The New Burkeian

Reflections on the Revolution in Conservatism

Tuesday, February 15, 2005


The New Burkeian has become aware of some considerable events.

As I suggested a month ago, Lebanon seemed to be the next plausible target for the WoT. Iraqi blogger Ali, from FreeIraqi, presented a valid case for targeting Lebanon as the next country in the promotion of Democracy.

First let me present the reasons why. As Ali suggested, focusing attention on Syrian occupation, along with the presence of terrorist organization Hezbollah, could strain the international terrorist infrastructure. Attention would stray from Iraq, allowing the newly forming Iraqi army and police force to deal with the smaller local insurgency. That would allow Iraqis to build up their own infrastructure, in order to better aid the side of Democracy in the WoT. If American attention is focused on Lebanon as a haven for terrorism and tyranny, we can help the growing coalition of Democracies in the Middle East.

Lebanon would be a stepping stone to Syria and Iran, as well. Pressure on Syria to remove their presence would certainly expose terrorist elements the regime supports. And Hezbollah is essentially an Iranian agent acting abroad. Adding another Democracy to the growing list of free-societies, would definitely put pressure on all fear-societies that exist within the Middle East, and around the world. The willingness to actually promote Democracy allows these regimes of tyranny to witness our fortitude.

Michael Ledeen recently wrote an article about the Democratic revolutions taking place around the world. He understands the need for an Actionary policy in the Middle East.

It would be an error of enormous proportions if, on the verge of a revolutionary transformation of the Middle East, we backed away from this historic mission. It would be doubly tragic if we did it because of one of two possible failures of vision: insisting on focusing on Iraq alone, and viewing military power as the prime element in our revolutionary strategy. Revolution often comes from the barrel of a gun, but not always. Having demonstrated our military might, we must now employ our political artillery against the surviving terror masters. The great political battlefield in the Middle East is, as it has been all along, Iran, the mother of modern terrorism, the creator of Hezbollah and Islamic Jihad, and the prime mover of Hamas. When the murderous mullahs fall in Tehran, the terror network will splinter into its component parts, and the jihadist doctrine will be exposed as the embodiment of failed lies and misguided messianism.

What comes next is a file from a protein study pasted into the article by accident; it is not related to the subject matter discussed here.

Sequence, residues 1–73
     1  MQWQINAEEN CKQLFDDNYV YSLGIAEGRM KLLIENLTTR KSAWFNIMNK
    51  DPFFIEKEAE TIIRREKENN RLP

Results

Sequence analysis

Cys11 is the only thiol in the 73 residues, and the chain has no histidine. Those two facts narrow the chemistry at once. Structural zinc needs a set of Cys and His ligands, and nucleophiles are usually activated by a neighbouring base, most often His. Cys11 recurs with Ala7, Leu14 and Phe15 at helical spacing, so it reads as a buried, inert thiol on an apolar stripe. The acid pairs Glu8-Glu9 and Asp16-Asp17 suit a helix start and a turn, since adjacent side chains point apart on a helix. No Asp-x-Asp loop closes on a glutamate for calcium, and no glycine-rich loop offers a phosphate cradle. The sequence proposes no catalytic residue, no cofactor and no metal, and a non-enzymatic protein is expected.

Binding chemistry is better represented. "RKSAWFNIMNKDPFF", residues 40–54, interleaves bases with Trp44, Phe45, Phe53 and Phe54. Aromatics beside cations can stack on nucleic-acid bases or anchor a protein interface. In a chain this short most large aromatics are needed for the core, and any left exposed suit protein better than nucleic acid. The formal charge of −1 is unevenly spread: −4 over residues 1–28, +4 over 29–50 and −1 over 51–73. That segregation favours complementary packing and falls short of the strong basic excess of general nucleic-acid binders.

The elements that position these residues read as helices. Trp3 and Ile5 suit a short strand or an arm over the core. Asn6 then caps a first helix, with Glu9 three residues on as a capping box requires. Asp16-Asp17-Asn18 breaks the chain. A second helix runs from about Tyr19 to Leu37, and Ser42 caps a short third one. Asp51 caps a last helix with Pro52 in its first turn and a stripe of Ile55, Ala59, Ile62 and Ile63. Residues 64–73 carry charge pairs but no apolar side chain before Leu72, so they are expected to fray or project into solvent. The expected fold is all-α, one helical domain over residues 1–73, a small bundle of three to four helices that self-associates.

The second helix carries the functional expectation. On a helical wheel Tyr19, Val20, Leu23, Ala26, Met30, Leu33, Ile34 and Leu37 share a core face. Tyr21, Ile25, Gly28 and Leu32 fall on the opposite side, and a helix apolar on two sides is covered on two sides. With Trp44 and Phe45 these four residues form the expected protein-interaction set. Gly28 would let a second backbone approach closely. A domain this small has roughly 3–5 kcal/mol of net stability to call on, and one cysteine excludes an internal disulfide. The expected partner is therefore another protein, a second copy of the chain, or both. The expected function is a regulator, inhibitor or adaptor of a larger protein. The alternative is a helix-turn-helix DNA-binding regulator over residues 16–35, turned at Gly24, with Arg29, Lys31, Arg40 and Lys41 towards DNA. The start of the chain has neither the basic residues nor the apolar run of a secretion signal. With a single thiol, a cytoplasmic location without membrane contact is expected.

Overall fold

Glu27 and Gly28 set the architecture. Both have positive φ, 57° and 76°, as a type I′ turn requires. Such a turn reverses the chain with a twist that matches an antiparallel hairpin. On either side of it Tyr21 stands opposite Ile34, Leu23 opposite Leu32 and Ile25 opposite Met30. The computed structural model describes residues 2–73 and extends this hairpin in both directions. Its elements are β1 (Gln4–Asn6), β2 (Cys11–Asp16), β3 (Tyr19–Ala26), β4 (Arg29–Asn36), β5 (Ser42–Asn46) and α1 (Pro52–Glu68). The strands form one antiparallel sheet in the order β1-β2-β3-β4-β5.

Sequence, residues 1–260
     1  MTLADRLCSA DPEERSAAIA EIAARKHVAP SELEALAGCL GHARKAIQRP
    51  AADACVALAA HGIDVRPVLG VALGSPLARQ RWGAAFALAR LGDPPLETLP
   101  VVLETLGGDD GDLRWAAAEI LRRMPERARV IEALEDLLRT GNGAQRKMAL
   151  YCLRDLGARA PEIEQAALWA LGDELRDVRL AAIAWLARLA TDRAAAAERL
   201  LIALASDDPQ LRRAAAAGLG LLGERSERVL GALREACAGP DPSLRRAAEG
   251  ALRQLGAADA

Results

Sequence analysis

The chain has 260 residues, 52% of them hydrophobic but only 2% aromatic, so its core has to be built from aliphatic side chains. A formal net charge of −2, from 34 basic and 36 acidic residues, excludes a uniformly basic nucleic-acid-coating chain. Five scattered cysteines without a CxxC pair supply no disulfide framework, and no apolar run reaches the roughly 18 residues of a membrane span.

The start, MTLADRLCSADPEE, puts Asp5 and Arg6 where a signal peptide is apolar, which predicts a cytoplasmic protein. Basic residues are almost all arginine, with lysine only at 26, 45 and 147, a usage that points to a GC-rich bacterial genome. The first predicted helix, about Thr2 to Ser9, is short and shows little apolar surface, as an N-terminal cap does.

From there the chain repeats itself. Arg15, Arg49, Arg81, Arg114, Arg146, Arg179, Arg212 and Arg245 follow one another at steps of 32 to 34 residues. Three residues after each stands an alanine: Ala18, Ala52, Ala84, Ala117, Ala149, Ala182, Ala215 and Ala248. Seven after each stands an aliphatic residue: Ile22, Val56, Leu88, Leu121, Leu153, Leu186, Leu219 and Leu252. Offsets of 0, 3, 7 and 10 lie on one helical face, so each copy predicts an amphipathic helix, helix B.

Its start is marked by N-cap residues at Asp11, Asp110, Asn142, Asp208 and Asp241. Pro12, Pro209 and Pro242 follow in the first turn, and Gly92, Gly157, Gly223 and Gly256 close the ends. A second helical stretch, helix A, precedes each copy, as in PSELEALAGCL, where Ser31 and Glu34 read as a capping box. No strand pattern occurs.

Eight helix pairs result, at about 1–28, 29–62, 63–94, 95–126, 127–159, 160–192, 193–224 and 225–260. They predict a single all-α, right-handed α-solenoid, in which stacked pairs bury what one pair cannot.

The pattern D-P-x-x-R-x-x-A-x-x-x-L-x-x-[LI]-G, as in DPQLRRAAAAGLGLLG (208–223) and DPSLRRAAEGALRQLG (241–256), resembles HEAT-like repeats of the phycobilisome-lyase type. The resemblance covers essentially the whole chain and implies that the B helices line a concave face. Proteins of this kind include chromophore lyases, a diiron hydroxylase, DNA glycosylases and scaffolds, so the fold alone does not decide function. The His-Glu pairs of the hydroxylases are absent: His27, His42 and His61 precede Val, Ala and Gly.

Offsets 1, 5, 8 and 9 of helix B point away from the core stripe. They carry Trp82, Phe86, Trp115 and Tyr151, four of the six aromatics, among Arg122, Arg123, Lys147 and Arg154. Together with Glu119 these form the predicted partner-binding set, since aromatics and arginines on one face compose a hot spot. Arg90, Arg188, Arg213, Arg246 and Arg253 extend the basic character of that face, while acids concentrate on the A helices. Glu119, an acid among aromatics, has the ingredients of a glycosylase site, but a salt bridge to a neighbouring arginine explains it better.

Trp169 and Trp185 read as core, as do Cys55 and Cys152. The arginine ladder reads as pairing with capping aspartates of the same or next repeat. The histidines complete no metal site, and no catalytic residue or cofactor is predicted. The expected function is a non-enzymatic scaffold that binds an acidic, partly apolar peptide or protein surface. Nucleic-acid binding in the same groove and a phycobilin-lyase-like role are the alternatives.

Understand that the application of American force may not be necessary. As Actionaries, we have many tools at our disposal to present the truth of Democracy. Some diplomatic pressure may be all that is necessary. American troop presence has to be a consideration, though. Just because we wish for a legitimate transformation towards Democracy does not mean we are not willing to back our ideals.

Victor Davis Hanson recently presented an argument supporting the promotion of Democracy in the Middle East.

Yet for all its uncertainties and dangers in the Islamic Arab world, there remain some undeniable facts about democracy across time and space that suggest with effort and sacrifice it can both work in the Middle East and will be in the long-term security interests of the United States.

Mr. Hanson makes an excellent point, but let me extend it. Promoting Democracy is the right thing to do. It is the best system for the maintenance of free-societies. We also cannot fall into neocon perspective. Remember that security and Democracy are inherently linked. The promotion of Democracy is the extension of our security. This is fundamental to the Actionary cause, and though Mr. Hanson still uses the word neocon in relation to these ideals, I insist he means Actionaries.

At any rate, Lebanon should be a serious consideration in the WoT. We must not stray from the promotion of Democracy because that is ultimately our goal. There is much that can be done to help the Lebanese in their quest from the tyranny of Syrian occupation and the presence of terrorist organization Hezbollah.


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